The move will help AMD offset Intel’s efforts to integrate greater security capabilities into its chips via its acquisition of security software vendor McAfee. TrustZone will begin appearing in some AMD chips for tablets and other devices next year, and run throughout the portfolio in 2014.
“With AMD’s support for, and inclusion in, the expanding TrustZone ecosystem, consumers and businesses can rest assured their data and content are secured by an industry-standard security solution that spans a multitude of devices and operating systems,” AMD CIO Mike Wolfe said in a statement. “This example of AMD’s ambidextrous strategy, which leverages our history of x86 and graphics innovation while also embracing other technologies and intellectual property, will help drive a more secure computing experience for our consumer and business customers.”
Endpoint Technologies’ Kay said that for both AMD and ARM, the deal is a win. AMD gets improved security capabilities and takes another step in the direction of the mobile device space, and ARM finds another customer to license its technology. ARM doesn’t make chips; instead, it licenses its chip designs to manufacturers, such as Qualcomm, Nvidia, Texas Instruments and Samsung Electronics.
“ARM is just happy to supply the technology, and AMD is happy to take it,” he said.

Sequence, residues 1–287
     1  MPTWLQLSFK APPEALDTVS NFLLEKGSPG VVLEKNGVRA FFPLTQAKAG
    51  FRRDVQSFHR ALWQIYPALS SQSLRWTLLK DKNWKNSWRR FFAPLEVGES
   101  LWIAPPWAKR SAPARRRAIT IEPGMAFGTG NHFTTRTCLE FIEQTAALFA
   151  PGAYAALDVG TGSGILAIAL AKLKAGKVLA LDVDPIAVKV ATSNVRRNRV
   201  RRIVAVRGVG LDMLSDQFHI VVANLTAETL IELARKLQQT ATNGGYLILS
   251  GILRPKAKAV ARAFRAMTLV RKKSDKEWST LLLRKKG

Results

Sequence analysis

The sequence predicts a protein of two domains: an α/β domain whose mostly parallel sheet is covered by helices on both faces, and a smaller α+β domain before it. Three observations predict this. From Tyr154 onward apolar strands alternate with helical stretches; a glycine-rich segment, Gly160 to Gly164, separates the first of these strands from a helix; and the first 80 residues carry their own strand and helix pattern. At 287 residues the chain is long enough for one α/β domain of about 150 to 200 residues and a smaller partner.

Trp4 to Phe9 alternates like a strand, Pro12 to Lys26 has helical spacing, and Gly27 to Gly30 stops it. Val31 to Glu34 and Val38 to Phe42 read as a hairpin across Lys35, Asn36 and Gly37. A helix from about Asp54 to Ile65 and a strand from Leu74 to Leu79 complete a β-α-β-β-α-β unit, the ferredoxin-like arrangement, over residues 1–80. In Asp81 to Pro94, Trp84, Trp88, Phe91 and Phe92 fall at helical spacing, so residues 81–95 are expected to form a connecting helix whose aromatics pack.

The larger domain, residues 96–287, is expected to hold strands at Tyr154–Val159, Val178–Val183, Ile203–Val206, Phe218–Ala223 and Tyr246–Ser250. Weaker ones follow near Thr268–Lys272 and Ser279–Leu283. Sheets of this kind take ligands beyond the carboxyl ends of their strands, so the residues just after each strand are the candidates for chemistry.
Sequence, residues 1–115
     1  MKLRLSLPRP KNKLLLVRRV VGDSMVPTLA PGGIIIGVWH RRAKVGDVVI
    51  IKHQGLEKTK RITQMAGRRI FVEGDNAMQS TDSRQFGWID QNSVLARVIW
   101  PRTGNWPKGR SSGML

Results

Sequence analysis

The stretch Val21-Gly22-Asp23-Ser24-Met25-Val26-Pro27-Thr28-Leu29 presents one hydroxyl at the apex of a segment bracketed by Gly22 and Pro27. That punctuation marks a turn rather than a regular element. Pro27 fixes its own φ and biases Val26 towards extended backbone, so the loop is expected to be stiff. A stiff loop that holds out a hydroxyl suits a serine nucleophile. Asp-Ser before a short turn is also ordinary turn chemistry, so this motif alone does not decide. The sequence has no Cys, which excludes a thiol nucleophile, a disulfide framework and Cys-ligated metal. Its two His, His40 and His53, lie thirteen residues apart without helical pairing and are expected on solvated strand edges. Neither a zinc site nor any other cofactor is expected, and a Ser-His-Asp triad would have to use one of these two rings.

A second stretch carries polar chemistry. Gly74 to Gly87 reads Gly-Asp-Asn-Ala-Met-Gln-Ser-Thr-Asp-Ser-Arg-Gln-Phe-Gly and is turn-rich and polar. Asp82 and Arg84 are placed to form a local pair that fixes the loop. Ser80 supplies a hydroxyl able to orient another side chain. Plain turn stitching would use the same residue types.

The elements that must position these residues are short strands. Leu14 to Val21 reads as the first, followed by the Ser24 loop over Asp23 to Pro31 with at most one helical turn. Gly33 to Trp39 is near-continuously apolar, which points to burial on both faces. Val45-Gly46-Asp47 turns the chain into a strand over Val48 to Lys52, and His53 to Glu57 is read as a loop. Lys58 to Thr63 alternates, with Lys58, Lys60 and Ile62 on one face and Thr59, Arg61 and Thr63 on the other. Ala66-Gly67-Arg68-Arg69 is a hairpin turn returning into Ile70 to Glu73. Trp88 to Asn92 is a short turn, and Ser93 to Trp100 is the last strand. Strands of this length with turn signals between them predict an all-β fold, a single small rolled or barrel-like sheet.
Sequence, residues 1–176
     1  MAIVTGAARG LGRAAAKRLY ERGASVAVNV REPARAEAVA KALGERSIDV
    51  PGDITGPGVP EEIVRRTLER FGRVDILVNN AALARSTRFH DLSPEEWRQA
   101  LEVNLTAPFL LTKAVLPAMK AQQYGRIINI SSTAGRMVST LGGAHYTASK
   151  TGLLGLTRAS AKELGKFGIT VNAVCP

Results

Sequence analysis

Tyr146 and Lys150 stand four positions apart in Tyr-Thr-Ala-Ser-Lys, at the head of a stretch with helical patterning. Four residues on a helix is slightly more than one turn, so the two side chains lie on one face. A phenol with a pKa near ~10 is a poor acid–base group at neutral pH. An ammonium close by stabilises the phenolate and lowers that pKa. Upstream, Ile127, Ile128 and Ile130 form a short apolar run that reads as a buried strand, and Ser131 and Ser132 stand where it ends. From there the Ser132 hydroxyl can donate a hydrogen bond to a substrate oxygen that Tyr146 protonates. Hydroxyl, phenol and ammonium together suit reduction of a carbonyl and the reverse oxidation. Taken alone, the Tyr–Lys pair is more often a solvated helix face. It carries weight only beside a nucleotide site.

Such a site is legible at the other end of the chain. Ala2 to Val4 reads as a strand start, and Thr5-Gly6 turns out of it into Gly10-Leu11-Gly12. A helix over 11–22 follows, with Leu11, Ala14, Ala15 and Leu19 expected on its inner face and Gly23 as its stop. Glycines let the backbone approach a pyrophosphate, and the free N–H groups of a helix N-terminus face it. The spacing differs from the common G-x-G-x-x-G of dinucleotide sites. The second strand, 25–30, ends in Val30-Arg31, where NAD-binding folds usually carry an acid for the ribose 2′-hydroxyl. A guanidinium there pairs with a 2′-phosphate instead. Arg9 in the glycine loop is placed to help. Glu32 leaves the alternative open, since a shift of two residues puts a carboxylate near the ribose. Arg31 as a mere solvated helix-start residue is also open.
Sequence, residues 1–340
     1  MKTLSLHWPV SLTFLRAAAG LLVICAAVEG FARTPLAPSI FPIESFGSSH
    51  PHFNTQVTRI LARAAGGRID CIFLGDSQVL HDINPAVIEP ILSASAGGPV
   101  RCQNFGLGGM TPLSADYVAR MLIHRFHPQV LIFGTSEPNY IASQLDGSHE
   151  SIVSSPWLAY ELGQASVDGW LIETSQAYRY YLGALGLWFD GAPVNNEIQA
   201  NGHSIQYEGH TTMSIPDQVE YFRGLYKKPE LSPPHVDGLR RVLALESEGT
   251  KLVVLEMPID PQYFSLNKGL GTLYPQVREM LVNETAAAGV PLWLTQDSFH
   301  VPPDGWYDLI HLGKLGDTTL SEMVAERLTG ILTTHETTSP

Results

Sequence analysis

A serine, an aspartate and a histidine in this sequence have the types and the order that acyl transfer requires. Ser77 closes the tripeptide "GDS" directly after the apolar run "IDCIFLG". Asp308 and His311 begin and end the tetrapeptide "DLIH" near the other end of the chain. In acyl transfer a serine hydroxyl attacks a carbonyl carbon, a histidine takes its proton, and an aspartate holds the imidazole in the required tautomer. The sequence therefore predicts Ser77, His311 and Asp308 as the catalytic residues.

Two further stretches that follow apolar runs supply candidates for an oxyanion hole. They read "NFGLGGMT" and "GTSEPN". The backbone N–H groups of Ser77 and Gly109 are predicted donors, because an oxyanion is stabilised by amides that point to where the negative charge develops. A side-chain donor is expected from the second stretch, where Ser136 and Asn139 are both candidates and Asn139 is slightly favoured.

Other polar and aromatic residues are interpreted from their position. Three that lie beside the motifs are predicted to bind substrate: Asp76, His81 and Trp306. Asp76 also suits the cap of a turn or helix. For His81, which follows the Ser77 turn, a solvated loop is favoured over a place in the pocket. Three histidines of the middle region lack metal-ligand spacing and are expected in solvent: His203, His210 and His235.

AMD and ARM also are founding members of a consortium designed to create standards for heterogeneous computing, or the use of both the CPU and GPU. Currently, AMD, Intel and Nvidia offer chips with both the CPU and GPU integrated on the same piece of silicon – what AMD calls APUs. Certain workloads run better on CPUs, while others run best on GPUs, which can process large numbers of tasks in parallel fashion.
AMD and ARM joined with Imagination Technologies, MediaTek and TI to create the Heterogeneous System Architecture (HSA) Foundation, which is aimed at creating a single architecture specification and a simpler program model that will enable developers to create software that can run on different heterogeneous – or hybrid – hardware platforms.
HSA will create developer tools, software development kits, libraries, documentation, training and other offerings for software developers, according to the group.
“Together, we are unleashing innovation; working together to drive a single architecture to overcome the programming limitations of today’s central processing units (CPUs) and graphics processing units (GPUs),” Phil Rogers, HAS president and a corporate fellow at AMD, said in a 12 June blog post. “The HSA Foundation does just that, as improved programmability will make accessing the power of heterogeneous processors as easy as today’s CPU.”
The effort will touch on most areas of computing, from client and low-power systems to servers, mobile devices and embedded systems, Rogers wrote.